Thursday, December 12, 2013

KNH recalls staff from leave as strike bites

Narok Governor Samuel Tunai and Narok county medical director Peter Okoth at the Narok district hospital to assess the patients' situation following the national strike by health workers. By GEORGE SAYAGIE

Narok Governor Samuel Tunai and Narok county medical director Peter Okoth at the Narok district hospital to assess the patients' situation following the national strike by health workers. By GEORGE SAYAGIE  

The country’s largest referral hospital has recalled staff on leave to mitigate the effects of the ongoing national strike by their colleagues in public health facilities.

Kenyatta National Hospital acting chief executive Simeon Monda told the Nation that though their staff is not on strike, they are overwhelmed by the increasing numbers of patients coming from the public hospitals that have since closed.

“We are experiencing a 30 per cent increase in the number of patients at KNH, most of who are in serious conditions and require immediate admission,” Dr Monda told the Nation in an interview Thursday.

We have also reopened three theatres to handle the extra surgeries, including caesarean sections, Dr Monda added.

KNH head of Reproductive Health Department John Ong’ech said the extra theatre was opened to cater for the high number of expectant mothers who required emergency caesarean sections.
“We normally conduct around 20 caesarean sections per day but in the last two days due to the overwhelming numbers, we are conducting around 26 and this has also prompted us to recall our staff who were on annual leave or off duty,” he added.

Kenya Medical Practitioners and Dentists Association secretary general, Sultan Matendechero said that none of the trade unions representing the health workers had received a court order and termed them as 'rumours’ meant to weaken the strike.

(Read: Court stops strike by health workers)
“The government has invested in fear, intimidation and sideshows instead of resolving this crisis so that we can resume work,” Dr Matendechero said in an interview with the Nation Thursday.
“That we have been served with a court order is a rumour that is meant to cause confusion amongst our members so they can resume work and we will not do so,” Dr Matendechero said adding the government had not observed the correct way to serve the court order in case there was any.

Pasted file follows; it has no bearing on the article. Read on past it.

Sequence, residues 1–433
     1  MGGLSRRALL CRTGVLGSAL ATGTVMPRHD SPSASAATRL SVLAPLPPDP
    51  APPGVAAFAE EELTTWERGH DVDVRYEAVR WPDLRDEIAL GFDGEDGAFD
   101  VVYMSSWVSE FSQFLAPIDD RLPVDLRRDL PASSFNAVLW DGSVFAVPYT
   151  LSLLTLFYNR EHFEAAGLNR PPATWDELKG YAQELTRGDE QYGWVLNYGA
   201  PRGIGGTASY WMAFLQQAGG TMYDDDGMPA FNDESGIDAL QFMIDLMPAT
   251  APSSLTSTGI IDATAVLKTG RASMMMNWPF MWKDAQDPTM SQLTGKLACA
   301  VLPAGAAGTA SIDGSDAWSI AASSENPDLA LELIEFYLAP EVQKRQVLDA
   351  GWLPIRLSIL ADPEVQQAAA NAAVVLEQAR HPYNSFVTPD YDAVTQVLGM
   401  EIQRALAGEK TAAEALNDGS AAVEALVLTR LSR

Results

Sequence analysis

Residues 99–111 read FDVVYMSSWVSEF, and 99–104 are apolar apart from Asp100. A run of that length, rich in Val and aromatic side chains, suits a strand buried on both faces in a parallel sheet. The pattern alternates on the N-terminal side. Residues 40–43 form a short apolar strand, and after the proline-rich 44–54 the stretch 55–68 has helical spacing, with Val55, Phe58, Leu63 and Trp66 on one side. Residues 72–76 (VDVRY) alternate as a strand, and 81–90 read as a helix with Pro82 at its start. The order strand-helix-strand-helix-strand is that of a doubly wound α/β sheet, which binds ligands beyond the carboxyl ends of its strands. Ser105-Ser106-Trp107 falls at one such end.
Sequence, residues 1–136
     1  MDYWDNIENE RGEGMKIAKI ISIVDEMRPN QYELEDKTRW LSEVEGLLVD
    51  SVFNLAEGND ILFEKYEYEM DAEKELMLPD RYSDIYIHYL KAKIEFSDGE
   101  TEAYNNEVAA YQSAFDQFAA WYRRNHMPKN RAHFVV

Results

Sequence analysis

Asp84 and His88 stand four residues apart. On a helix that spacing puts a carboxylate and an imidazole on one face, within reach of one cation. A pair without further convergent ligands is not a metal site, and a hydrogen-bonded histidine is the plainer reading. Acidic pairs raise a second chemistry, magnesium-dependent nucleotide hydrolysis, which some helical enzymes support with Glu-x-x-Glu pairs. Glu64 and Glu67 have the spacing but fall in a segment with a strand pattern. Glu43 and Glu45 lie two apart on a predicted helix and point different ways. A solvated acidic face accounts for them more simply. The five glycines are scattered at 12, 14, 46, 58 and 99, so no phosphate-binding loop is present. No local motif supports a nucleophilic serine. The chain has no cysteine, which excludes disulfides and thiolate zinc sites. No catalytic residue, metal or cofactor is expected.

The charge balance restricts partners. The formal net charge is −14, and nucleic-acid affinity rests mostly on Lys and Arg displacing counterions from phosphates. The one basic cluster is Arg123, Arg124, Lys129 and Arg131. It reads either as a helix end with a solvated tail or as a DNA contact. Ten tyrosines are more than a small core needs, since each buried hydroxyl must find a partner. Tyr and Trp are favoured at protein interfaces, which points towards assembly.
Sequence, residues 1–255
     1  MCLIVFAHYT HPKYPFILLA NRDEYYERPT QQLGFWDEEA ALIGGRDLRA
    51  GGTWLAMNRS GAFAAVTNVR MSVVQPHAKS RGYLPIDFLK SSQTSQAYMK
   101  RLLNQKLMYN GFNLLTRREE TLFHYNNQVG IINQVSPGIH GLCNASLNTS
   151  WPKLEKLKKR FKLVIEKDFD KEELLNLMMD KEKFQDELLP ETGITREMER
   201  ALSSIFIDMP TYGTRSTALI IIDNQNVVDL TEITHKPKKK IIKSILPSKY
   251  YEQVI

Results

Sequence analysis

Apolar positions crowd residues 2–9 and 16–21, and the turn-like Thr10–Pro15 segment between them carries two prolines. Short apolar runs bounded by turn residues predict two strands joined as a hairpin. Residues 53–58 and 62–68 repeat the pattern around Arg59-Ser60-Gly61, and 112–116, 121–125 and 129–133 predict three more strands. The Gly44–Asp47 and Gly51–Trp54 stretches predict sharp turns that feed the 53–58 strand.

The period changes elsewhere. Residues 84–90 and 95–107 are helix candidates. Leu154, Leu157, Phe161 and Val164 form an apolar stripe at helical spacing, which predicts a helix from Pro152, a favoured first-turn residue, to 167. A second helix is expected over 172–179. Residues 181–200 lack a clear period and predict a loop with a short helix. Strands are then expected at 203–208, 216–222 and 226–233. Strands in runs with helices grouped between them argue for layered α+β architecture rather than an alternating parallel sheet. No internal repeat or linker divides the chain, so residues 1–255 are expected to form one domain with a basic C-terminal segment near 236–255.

The longer we stay on strike, the harder it will be to get out of it, he warned.
During a visit to the referral hospital on Wednesday Heath Cabinet Secretary James Macharia said he was in talks with the administration on how to cope with the swelling numbers of patients in the wake of the national strike by health professional workers.
However, the hospital is set to experience further swell of patients with Dr Monda saying by the third or fourth day of the strike, the hospital will be fully stretched on both human and medical resources.
The Ministry of Health promised to assist the hospital financially to cope with the influx of patients at the hospital as the resources had been stretched by the ongoing strike.

However Dr Monda expressed fear that the hospital could not handle the surge of patients if the strike continues.

“We will collect over one million signatures to call for the establishment of the Health Service Commission that will protect us and look after our needs in our various cadres,” The told the Nation in an interview Thursday.
“We have provided the avenues for discussion but the government is not willing to settle on any of our negotiations,” KMPDU official Matendechero saying adding the health workers were not irresponsible and heartless to allow the suffering of patients in the public health facilities.
“We presented reasonable demands that the government has ignored since we presented them eight months ago and were ignored until we opted to go on strike as a last resort,” Dr Matendechero added.
The Kenya Medical Practitioners and Dentists Union, the Kenya Health Professionals Union (KHPU), the Kenya National Union of Nurses and the Union of Kenya Clinical Officers (UKCO) said they were disappointed for being labelled 'saboteurs of devolution’ yet they were calling for a systematic way to address the management of health workers.
The Ministry of Health had affirmed that it would concurrently develop the health policy and legislation on the health sector along the same timeline as that provided for the Public Service Commission.
The government also dismissed the proposed establishment of the Health Service Commission terming it as 'unconstitutional’ adding that it could not be done discussed as it violates Article 234 of the Constitution.

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